As this popular religious conception and the biblical testimony (Rom. 2:14-16) suggest, one core claim of the doctrine of conscience is the following “intuitionist” claim: humans have the capacity to intuitively know many objective moral truths, and this capacity is grounded in our God-given human nature (Evans 2013, 41-42). More precisely, with proper nurture and education humans with normally functioning cognition will acquire the capacity to intuitively know many objective moral truths. Consider a child drowning in a shallow pond. We intuitively know that it would be right to rescue the child and wrong to drown the child. We usually don’t reason to such particular moral truths but discern them directly. We also intuitively know many general moral truths or principles: other considerations being equal, we should keep our promises, tell the truth, not harm innocent people, help our family and friends in need, and so on. The doctrine of conscience understands this intuitive capacity to be a source of general moral revelation to humans, including those without access to specific revelation like Scripture, tradition, or church teaching.

Qualifications are necessary, of course. Consider three qualifications.

First, the doctrine of conscience implies the general reliability of our moral intuitions, not their infallibility. We know that some (perhaps many) of our moral intuitions are false (e.g. due to cultural influences, motivational bias, etc.), even if we don’t know which ones. But the fact that our moral intuitions are sometimes false does not show that they are generally unreliable.

Second, the claim that humans have this intuitive capacity is compatible with recognizing the vital roles that nurture and education play in its development or frustration (Evans 2013, 42-43). Would a boy raised by wolves intuitively know that he should tell the truth, if he were never culturally exposed to the idea? Presumably not. Some cultural input is necessary. Would a boy raised by thieves inevitably come to believe that thievery is wrong? No. The development of our intuitive capacity can be restricted (or enhanced) by cultural influences, which helps to explain moral diversity.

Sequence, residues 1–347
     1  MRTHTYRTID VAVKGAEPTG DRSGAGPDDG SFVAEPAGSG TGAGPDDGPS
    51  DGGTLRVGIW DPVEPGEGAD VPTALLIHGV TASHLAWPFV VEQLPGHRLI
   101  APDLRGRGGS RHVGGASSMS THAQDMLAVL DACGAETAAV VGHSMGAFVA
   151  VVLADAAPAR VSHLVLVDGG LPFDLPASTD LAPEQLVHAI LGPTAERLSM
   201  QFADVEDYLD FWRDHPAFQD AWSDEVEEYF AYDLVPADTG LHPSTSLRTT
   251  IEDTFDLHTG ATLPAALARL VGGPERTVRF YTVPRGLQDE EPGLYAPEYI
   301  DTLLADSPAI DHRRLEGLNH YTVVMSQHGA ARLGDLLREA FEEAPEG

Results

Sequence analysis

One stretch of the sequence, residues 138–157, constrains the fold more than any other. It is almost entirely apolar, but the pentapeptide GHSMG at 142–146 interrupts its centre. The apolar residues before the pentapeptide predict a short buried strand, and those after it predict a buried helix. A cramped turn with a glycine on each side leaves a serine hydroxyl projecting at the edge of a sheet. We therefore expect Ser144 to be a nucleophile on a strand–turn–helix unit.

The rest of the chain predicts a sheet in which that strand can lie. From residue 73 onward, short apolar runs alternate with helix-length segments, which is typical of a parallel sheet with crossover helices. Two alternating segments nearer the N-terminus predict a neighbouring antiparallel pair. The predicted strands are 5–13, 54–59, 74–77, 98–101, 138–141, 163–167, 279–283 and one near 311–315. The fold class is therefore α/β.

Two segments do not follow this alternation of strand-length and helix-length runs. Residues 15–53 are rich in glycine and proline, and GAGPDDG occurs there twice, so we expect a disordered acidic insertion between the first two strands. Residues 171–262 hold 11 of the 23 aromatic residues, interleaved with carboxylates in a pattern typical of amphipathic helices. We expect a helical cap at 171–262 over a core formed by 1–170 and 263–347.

Third, the claim that we have this intuitive capacity is neutral regarding how it operates and how (or where) it is physically realized in the brain. For instance, it does not entail that there is some distinct faculty or module or part of the brain that realizes this capacity, though it does not rule out such a claim either (Evans 2013, 170-172).

The doctrine of conscience can be supported on theological grounds. First, it can be supported on Scriptural grounds (e.g. Rom. 2:14-16). Second, it can be shown to cohere with other theological doctrines. For example, consider the doctrine of sin: the Christian tradition tells us that humans—including those without access to specific revelation (e.g. Scripture)—are morally responsible for their wrongdoing and need God’s forgiveness. But how could we be responsible for our wrongdoing if we do not generally know the difference between right and wrong? The idea that we have a reliable conscience coheres with the doctrine of sin and other doctrines.

The doctrine of conscience can also be motivated on philosophical grounds. Given theism, should we expect God to ensure that humans have a generally reliable conscience? It seems so. If God is morally good and loving and has created and sustained everything, including humans with their cognitive and moral capacities, then we should not be surprised to find ourselves with a basic moral awareness. For such awareness is necessary for great goods, such as the acquisition of moral virtue and loving friendship with God and other people. A good and loving God would desire such goods for us, just as a father desires such goods for his children. Accordingly, we should not be surprised if God grants us the basic moral awareness necessary to acquire such goods (Braddock 2021, 191). But how (through what means) would God give us this awareness? The idea that God would reveal moral truth only through special revelation (e.g. Scripture) is implausible. For humans without access to special revelation would lack moral awareness. Thus, we can expect God to reveal moral truth through general means, such as through our natural intuitive capacity.

2.2 Moral Psychology

Moral Psychology addresses the sources and content of our moral norms and judgments. The doctrine of conscience seems hard to reconcile with two broad findings of moral psychology.

First, consider moral diversity. The moral psychology and cultural anthropology literature emphasizes extensive moral diversity across cultures and history (Henrich et. al. 2004; Prinz 2007). If the doctrine of conscience were true—if humans really did have generally reliable moral intuitions grounded in a shared human nature—then we would expect a substantial amount of convergence in our moral intuitions. But the empirical literature emphasizes diversity, which seems to disconfirm the doctrine of conscience. Call it the problem of moral diversity.

Second, consider the influential role of culture. The empirical literature tells us that cultural processes largely determine the specific content of our moral norms and intuitions: though our cognitive dispositions bias us in certain directions, cultural processes largely fill in the details (Sripada 2008; Levy and Levy 2020). Even the most prominent nativist models in moral psychology— including moral foundations theory (Haidt 2012) and moral grammar models (Mikhail 2011)—allow that cultural processes play the main difference-making role. But the fact that culture determines the specific content of our moral intuitions raises a problem for the doctrine of conscience. For cultural processes seem highly contingent: they can easily lead humans to all sorts of moral intuitions, including nasty ones. If culture largely determines the content of moral intuitions and could have easily led us to intuitions mostly contrary to our own (as moral diversity suggests), then why should we trust our current moral intuitions to be on track? Why should we trust our culturally shaped conscience? Call it the problem of cultural contingency (Braddock 2021).